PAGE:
Link to searchable text of slide shown above    In this context we are delighted to fully confirm our full year 2006 earnings guidance pre any impact of the pending Schering acquisition. We are targeting a slight further improvement in underlying EBIT in the Bayer Group. This improvement is expected to be mainly driven by the performance of HealthCare. We believe this subgroup can improve EBIT before special items by more than 10 percent. For our CropScience business, we predict an increase in underlying EBIT. We believe that our MaterialScience subgroup will report excellent clean EBIT this year, though possibly below the 2005 level. For the group as a whole, this translates into an underlying EBITDA margin of approximately 19 percent.    9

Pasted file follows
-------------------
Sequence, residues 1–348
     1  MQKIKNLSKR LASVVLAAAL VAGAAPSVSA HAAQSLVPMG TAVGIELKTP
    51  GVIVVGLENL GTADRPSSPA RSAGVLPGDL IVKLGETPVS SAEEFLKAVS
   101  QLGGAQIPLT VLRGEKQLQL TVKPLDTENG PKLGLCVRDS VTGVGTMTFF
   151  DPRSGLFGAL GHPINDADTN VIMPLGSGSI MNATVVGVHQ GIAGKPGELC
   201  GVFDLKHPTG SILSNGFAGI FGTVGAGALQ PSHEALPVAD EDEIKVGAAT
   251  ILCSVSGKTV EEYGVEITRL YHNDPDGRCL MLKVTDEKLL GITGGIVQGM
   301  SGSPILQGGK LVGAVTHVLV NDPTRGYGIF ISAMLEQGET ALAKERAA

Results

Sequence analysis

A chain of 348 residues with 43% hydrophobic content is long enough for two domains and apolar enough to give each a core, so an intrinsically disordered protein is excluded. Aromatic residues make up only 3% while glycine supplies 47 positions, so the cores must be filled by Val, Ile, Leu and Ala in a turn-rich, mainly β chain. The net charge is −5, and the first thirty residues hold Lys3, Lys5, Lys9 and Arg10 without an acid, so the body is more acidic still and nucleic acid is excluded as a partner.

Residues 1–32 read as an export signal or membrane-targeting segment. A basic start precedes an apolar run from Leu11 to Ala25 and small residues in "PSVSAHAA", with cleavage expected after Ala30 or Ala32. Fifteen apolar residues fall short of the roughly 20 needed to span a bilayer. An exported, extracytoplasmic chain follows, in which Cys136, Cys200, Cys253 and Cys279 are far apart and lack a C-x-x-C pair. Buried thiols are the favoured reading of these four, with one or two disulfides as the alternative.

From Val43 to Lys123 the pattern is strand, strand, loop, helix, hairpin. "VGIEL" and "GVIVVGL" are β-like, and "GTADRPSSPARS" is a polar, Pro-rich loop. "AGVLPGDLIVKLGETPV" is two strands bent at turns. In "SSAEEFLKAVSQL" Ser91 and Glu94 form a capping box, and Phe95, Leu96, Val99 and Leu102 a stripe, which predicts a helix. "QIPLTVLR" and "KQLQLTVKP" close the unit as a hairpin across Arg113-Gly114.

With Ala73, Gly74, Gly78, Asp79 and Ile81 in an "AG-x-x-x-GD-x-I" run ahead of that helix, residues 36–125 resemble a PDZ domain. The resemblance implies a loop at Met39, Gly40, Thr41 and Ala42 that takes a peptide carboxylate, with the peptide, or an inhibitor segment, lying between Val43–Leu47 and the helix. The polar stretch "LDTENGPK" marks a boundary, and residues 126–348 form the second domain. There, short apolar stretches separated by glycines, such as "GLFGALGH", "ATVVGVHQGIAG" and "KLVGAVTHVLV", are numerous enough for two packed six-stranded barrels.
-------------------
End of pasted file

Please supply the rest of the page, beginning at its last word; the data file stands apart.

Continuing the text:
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      Let me conclude my remarks by summarizing the key aspects of our Q1 performance: We are delivering growth and performance. We strongly believe that now is the right time to accelerate our existing successful HealthCare strategy by acquiring Schering. We are excited by this compelling business combination and the improved financial outlook it provides. We are maintaining our operational focus and are committed to achieving the targeted financial objectives. Our top-line growth of 12 percent was impressive. Thus, the growth momentum in our business was sustained.    11